Note: Certain types of brain damage can impair an individual's ability to hear binaural beats. For example, individuals who experienced aphasia after a severe cerebrovascular accident (stroke) did not show any response to binaural beats.[6] Also, older individuals may not respond to binaural beats as effectively as younger individuals, especially at higher frequencies. [7]

To use binaural beats, tune them to the frequency of a desired brainwave and listen using headphones. A number of binaural beat generators can be found on the internet.

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Human Effect Matrix

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The Human Effect Matrix summarizes human studies to tell you what effects Binaural Beats has on your body, how much evidence there is, and how strong these effects are.

Full details are available to Examine members.
Grade Level of Evidence
Robust research conducted with repeated double-blind clinical trials
Multiple studies where at least two are double-blind and placebo controlled
Single double-blind study or multiple cohort studies
Uncontrolled or observational studies only
Level of Evidence
? The amount of high quality evidence. The more evidence, the more we can trust the results.
Outcome Magnitude of effect
? The direction and size of the supplement's impact on each outcome. Some supplements can have an increasing effect, others have a decreasing effect, and others have no effect.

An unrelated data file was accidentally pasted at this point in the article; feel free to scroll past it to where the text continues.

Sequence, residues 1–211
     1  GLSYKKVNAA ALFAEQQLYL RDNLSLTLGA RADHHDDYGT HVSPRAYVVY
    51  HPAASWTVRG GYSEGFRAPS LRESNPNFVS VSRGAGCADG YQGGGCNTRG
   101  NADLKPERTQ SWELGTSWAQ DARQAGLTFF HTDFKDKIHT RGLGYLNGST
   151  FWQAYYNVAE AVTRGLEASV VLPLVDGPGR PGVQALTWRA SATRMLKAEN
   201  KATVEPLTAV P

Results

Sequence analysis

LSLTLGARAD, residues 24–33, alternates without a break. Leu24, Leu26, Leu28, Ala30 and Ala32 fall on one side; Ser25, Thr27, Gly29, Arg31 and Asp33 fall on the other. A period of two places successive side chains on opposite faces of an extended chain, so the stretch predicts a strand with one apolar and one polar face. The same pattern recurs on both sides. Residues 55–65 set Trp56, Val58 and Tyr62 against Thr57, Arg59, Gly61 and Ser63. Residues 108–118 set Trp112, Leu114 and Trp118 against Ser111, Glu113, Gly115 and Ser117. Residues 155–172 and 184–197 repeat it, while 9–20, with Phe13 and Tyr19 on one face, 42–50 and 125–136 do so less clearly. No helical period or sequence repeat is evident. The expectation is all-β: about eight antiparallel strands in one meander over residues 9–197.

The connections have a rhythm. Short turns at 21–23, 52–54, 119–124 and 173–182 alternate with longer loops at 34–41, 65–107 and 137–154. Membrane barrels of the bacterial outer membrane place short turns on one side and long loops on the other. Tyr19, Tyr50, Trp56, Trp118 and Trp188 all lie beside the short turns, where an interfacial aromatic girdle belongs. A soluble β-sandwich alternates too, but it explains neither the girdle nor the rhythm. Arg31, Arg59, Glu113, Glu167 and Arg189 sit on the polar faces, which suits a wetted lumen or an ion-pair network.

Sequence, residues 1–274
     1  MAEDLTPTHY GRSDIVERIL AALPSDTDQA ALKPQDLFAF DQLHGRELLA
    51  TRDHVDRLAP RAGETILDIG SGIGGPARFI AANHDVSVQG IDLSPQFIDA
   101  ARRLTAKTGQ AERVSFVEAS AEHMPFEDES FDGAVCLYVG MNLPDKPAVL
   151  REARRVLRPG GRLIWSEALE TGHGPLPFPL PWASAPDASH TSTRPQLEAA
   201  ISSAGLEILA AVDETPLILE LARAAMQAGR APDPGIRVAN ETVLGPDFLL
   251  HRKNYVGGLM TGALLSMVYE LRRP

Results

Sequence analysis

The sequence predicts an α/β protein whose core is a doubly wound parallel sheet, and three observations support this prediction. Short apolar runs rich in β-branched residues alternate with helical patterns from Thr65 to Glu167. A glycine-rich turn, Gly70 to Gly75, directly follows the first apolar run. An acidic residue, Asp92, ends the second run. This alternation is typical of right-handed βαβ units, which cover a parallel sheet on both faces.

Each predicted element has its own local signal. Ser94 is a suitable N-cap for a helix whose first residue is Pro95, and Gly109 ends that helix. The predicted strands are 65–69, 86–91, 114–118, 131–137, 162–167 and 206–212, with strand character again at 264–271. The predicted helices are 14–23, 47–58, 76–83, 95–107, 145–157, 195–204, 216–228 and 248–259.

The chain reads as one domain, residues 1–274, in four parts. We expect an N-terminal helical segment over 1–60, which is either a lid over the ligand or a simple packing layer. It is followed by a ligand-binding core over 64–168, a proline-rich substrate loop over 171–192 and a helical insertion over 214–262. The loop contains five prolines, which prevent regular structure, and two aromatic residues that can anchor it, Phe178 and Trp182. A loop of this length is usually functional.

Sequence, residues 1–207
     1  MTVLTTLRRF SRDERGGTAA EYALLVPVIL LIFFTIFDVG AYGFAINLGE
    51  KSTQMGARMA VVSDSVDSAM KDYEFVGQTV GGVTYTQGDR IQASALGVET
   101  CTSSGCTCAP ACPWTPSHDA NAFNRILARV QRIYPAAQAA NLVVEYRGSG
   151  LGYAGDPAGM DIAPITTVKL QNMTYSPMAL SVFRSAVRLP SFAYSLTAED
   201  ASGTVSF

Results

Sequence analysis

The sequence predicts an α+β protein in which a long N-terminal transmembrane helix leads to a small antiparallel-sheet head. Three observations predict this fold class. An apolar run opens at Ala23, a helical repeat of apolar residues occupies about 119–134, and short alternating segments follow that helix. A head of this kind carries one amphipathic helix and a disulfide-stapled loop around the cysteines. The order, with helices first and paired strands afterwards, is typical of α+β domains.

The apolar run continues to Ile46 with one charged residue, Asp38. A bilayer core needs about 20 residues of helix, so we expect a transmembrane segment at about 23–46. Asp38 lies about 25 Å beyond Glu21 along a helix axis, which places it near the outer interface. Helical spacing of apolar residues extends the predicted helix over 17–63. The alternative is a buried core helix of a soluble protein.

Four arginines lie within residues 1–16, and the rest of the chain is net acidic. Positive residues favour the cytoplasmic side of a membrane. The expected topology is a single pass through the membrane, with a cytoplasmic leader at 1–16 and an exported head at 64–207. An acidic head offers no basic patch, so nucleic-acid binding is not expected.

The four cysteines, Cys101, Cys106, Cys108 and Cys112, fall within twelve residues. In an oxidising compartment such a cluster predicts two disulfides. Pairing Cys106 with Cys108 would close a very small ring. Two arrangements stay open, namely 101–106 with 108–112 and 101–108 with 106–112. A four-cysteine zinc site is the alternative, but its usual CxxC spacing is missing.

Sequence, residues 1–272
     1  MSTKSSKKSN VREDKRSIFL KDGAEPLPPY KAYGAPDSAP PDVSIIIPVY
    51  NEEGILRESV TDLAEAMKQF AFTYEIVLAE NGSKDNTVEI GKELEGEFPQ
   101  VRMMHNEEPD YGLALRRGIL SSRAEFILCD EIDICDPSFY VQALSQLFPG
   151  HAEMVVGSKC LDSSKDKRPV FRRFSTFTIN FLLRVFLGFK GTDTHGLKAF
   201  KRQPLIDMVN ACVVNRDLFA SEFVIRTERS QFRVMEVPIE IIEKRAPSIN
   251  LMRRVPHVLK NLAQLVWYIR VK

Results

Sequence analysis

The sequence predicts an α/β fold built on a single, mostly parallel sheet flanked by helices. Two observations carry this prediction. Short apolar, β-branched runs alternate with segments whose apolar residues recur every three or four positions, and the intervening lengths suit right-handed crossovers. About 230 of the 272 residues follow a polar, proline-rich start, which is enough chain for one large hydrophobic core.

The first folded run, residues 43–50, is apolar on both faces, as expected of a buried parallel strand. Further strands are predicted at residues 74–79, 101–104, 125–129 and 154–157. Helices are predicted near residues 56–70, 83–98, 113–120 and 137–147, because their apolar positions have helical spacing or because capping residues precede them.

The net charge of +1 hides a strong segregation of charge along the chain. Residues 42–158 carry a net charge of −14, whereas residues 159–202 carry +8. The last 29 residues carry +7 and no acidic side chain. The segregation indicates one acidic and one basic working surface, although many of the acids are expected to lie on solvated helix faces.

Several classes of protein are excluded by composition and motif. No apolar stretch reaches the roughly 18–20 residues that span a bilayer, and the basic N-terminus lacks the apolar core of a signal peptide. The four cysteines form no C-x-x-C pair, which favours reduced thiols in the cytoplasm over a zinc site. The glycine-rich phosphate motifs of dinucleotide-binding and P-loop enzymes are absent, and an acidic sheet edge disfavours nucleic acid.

Consistency of research results
? Scientific research does not always agree. HIGH or VERY HIGH means that most of the scientific research agrees.
grade-d Notable High See all 3 studies
Delta, theta, and alpha beats have been shown to reduce anxiety. This effect is most consistent in preoperative patients.
grade-d Notable Very High See all 3 studies
Binaural beats seem to reduce pain quite effectively, both in terms of subjective ratings of pain and usage of pain medication.
grade-d Notable Very High See all 3 studies
Theta and delta beats can increase relaxation. This effect may not be as strong in older individuals.
grade-d Notable High See all 4 studies
Gamma and beta beats reliably improve working memory.
grade-d Minor Very High See all 5 studies
There is some evidence (particularly with gamma frequencies) that binaural beats could improve ADHD, but further research is required.
grade-d Minor Very High See 2 studies
There is some evidence that beta and gamma binaural beats can improve certain aspects of cognition, but more research is needed.
grade-d Minor - See study
Creativity is a difficult concept to test, but a small amount of evidence suggests that gamma and alpha beats may improve it in some respects. One study suggested that baseline striatal dopamine levels will influence if you respond positively or negatively to treatment, so further research is required.
grade-d Minor Very High See 2 studies
Some studies have shown that gamma and beta beats improve long-term memory.
grade-d Minor Very High See 2 studies
Not much research has been conducted on this subject, but theta and delta beats have been shown to have modest effects on sleep.
- See 2 studies
One study noted that beta beats can improve mood after performing a vigilance task, while theta and delta beats actually worsened it.
grade-d - - See 2 studies
grade-d - - See study
grade-d - - See 2 studies
grade-d - - See study
grade-d - - See study
grade-d - - See study
grade-d - - See study

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Things to Note

Other Functions:

Do Not Confuse With

Autonomous sensory meridian response (ASMR), Isochronic Tones

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Click here to see all 43 references.